Managing Weight During and After Menopause

For the average woman, menopause happens around the age of 52. The ovaries stop releasing an egg each month, hormone levels drop off, and monthly bleeding ceases. For some, menopause may mean body changes appear such as hot flashes, mood changes, sexual dysfunction, and weight gain.

Understanding what’s happening during this transition makes it easier to manage changes. In this article we’ll concentrate on weight gain.

What Causes Weight Gain?

Several factors play into weight gain during menopause:

  • Reduced estrogen levels. Sex hormones such as estrogen are critical regulators of food intake and body weight. With lower estrogen levels, women may be eating more and becoming less physically active. Metabolism may slow, increasing fat storage.
  • Fat and body composition. Women in general have a greater fat-to-muscle ratio than men. When estrogen levels dip, the body may store more fat around the waist, hips and thighs.
  • Stress. Many women’s lives are busiest in their 40s and 50s, just prior to and during menopause. The body can interpret this busy time as stress and produce higher levels of the important hormone cortisol. And that can trigger increased appetite and calorie retention—and belly fat.

Controlling Weight

  • Reevaluate your lifestyle. Menopause is a time to reflect. Take some time to consider how this new beginning looks for you and what you hope to accomplish.
  • Exercise. The more active you are, the less weight you’re likely to gain. A National Institutes of Health review showed that people who did aerobic activities every day for 10 or more minutes had six fewer inches around the waistline compared to people who didn’t exercise. Go for a walk, do squats, cross train, and stretch. Or find exercises that suit you and that you’ll stick to.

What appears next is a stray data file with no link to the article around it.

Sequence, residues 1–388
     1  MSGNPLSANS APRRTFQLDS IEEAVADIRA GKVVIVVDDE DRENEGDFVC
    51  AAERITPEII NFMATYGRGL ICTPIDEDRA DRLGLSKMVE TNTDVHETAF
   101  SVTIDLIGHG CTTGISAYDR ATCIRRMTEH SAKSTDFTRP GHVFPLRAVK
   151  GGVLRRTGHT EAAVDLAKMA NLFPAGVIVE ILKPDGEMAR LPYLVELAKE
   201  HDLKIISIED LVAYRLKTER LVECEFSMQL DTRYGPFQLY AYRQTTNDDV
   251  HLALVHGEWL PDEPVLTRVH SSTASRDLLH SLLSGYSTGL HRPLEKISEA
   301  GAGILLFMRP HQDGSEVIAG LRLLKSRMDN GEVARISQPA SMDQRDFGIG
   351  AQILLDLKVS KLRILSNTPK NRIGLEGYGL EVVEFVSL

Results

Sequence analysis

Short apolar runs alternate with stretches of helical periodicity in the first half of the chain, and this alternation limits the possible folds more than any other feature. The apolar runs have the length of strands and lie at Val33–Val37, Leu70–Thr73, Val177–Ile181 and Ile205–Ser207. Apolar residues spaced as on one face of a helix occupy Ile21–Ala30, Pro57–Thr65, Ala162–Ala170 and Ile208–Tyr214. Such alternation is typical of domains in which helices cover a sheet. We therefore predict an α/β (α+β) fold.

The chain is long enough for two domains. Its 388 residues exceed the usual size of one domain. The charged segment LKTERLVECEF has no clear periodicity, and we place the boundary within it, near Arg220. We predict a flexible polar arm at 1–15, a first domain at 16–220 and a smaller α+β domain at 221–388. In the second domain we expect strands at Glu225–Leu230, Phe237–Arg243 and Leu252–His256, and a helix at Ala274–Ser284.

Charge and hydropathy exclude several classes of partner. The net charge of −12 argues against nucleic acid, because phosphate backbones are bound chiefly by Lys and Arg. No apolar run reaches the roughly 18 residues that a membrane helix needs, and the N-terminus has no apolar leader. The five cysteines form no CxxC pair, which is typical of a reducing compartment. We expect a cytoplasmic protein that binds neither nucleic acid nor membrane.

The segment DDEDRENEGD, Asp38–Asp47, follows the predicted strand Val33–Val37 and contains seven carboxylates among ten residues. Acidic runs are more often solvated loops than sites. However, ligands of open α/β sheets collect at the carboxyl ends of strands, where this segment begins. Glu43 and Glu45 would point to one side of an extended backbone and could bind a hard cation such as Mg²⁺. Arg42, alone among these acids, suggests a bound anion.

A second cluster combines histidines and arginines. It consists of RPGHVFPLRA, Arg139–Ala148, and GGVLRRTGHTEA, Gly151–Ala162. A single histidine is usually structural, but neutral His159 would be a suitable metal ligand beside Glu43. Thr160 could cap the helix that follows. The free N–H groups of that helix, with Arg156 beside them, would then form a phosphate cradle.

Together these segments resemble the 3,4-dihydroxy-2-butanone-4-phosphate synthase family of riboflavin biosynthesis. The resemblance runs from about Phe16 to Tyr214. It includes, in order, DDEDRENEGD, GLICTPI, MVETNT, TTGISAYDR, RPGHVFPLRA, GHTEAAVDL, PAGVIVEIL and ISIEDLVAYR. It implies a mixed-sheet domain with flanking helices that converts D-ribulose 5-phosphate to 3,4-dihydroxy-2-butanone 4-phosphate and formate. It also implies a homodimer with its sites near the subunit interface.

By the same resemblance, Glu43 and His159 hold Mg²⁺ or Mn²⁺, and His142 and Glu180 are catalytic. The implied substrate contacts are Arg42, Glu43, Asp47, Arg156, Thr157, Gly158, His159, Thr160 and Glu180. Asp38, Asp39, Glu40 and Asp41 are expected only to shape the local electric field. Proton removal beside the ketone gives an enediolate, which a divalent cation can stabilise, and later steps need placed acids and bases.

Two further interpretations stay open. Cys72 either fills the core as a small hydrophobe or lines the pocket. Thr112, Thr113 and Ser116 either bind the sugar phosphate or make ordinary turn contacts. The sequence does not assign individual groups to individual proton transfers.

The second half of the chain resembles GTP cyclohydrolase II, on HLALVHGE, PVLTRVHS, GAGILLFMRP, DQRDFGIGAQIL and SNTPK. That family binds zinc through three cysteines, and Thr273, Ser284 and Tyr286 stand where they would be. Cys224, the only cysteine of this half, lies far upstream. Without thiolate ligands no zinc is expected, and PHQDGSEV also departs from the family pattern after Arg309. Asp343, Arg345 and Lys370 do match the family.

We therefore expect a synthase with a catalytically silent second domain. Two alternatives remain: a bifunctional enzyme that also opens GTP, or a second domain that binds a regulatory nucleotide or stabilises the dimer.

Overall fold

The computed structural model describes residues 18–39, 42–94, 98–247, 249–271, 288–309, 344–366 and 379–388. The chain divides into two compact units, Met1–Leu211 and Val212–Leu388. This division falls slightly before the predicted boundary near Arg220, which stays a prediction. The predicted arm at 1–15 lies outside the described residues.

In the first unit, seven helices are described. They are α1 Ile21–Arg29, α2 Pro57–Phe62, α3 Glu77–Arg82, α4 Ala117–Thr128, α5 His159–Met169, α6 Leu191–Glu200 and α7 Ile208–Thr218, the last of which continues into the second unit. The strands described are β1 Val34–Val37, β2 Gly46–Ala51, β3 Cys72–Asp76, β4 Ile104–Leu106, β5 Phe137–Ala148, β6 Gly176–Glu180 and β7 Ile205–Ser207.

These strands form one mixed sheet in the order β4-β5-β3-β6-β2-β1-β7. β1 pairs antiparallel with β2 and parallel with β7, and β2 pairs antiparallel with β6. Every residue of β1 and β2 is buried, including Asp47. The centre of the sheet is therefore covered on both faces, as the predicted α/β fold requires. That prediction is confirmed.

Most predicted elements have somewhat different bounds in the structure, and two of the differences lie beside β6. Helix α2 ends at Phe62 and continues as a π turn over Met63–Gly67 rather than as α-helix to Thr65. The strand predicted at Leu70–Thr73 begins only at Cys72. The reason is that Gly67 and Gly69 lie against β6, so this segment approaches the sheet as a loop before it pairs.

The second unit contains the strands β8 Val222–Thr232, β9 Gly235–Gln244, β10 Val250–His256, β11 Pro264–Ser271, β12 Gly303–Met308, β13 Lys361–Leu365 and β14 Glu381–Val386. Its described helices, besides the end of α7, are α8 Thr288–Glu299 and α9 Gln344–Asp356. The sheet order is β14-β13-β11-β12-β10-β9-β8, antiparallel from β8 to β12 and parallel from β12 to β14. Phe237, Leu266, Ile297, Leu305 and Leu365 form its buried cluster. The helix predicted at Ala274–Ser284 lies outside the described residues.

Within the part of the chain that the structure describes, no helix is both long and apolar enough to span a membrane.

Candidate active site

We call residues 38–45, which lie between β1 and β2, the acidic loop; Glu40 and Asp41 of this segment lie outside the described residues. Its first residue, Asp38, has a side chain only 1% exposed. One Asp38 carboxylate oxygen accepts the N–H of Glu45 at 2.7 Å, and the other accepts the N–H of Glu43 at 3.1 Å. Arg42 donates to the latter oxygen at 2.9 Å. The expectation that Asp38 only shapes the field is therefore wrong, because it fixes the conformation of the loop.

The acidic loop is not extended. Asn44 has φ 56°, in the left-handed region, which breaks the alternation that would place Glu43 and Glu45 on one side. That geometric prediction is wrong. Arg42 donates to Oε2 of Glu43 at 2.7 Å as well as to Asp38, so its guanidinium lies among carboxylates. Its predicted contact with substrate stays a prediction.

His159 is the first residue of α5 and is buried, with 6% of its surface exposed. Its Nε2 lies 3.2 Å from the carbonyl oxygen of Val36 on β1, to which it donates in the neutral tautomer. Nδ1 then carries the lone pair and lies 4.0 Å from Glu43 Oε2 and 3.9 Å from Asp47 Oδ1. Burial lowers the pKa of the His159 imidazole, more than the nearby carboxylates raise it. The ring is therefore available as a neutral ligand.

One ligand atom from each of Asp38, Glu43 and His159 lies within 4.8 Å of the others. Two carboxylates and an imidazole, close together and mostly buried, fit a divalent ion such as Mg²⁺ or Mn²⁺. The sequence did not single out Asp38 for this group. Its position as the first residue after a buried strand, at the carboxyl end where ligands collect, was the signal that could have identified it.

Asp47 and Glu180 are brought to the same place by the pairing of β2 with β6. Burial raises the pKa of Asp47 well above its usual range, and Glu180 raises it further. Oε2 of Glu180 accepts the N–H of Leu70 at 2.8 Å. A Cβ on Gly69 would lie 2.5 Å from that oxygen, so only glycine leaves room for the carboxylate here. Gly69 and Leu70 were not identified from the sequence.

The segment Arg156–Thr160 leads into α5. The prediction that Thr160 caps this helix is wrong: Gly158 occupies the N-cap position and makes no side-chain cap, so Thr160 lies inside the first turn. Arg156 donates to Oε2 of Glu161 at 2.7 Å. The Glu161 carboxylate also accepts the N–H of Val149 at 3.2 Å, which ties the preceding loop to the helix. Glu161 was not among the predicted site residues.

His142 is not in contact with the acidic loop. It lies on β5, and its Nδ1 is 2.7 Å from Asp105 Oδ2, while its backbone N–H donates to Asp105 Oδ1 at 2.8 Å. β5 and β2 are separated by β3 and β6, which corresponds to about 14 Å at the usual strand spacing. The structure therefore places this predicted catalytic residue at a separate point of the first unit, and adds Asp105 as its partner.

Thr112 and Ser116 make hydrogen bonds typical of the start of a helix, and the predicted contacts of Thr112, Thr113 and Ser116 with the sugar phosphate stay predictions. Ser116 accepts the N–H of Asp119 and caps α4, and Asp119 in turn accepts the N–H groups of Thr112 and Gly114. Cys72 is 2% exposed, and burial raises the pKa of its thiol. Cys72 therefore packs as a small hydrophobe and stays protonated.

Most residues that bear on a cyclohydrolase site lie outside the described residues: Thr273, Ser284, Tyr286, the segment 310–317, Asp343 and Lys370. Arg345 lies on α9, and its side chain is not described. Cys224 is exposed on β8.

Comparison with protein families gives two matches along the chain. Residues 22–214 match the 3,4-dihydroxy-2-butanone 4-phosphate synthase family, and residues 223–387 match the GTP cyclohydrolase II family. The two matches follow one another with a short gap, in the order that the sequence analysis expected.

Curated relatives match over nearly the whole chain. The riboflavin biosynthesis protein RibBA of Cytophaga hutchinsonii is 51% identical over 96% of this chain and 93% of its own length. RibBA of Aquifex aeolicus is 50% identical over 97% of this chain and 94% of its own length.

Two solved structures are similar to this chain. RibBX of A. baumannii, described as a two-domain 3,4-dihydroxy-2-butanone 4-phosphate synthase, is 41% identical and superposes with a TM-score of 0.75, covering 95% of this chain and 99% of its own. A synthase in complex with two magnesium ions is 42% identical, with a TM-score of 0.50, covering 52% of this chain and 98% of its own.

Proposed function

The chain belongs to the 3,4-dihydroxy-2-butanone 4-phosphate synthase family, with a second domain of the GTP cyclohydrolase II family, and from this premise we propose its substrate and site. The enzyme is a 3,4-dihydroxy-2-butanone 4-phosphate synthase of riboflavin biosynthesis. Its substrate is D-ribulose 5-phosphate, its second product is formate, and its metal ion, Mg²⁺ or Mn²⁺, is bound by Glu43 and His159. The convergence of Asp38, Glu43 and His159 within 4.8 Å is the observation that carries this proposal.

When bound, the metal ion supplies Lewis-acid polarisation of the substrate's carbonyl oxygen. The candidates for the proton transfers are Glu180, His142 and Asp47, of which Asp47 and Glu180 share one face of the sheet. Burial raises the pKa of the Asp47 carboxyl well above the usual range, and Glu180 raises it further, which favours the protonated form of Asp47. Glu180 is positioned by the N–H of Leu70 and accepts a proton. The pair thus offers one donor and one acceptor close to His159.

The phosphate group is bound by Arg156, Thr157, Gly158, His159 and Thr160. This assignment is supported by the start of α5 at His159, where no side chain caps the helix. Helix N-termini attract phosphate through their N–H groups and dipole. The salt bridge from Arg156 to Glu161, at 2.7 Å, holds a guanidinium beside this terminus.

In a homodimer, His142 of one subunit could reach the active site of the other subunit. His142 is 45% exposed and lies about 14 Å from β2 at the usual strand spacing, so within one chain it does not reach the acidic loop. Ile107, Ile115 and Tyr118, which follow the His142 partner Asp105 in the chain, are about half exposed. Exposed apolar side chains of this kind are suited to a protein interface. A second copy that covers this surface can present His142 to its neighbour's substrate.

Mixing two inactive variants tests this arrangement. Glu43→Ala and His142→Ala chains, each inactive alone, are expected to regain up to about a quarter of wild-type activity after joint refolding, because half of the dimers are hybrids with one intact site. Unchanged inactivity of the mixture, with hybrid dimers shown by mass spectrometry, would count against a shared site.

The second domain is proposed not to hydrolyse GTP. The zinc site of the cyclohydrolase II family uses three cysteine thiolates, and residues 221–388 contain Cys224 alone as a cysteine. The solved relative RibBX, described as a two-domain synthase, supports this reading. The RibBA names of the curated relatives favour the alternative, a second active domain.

• Eat well. The first step is to eat the right food in the right quantities regularly – breakfast, a snack, lunch, a snack, and dinner. Women often try to cut back on food in an attempt to lose weight, which may only make things worse. Good nutrition will give your body the fuel it needs. Increase lean protein while eliminating processed sugar and reducing carbohydrates to help manage weight.
  • Practice good stress management. Stress is part of life. It won’t go away during menopause. Some believe that walking in nature may be the greatest way to manage stress and lower your cortisol level (as opposed to going out for a run, which actually increases your cortisol). For others, talking with a medical or mental health professional might be helpful. But everyone should take time to find the best ways to manage their stress. Some methods to consider:
    • Increase your spiritual connection
    • Find extra help at home
    • Meditate (you can find meditation videos on YouTube)
    • Maintain a gratitude journal
    • Plan time every day for self-care
    • Learn to say “no”

Celebrate Your Life and Your Body

Give yourself and your body a break. Remember, your hormones have changed. This is a new milestone like others you have passed. Celebrate who you are now and love your ever-changing body by following a healthy lifestyle. That may be all you need to do.

Meet the Author

Paula Carlton, NP is a Nurse Practitioner at Aurora Health Center in West Bend, WI.

Read more posts from this author

The information presented in this site is intended for general information and educational purposes. It is not intended to replace the advice of your own physician. Contact your physician if you believe you have a health problem.

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